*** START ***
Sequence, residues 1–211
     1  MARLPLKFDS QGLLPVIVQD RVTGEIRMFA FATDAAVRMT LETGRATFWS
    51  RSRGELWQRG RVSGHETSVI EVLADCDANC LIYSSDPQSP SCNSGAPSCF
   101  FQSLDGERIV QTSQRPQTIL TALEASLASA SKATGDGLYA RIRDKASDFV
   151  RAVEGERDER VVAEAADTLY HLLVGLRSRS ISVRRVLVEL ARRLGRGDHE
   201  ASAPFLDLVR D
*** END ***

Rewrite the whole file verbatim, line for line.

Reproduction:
Sequence, residues 1–211
     1  MARLPLKFDS QGLLPVIVQD RVTGEIRMFA FATDAAVRMT LETGRATFWS
    51  RSRGELWQRG RVSGHETSVI EVLADCDANC LIYSSDPQSP SCNSGAPSCF
   101  FQSLDGERIV QTSQRPQTIL TALEASLASA SKATGDGLYA RIRDKASDFV
   151  RAVEGERDER VVAEAADTLY HLLVGLRSRS ISVRRVLVEL ARRLGRGDHE
   201  ASAPFLDLVR D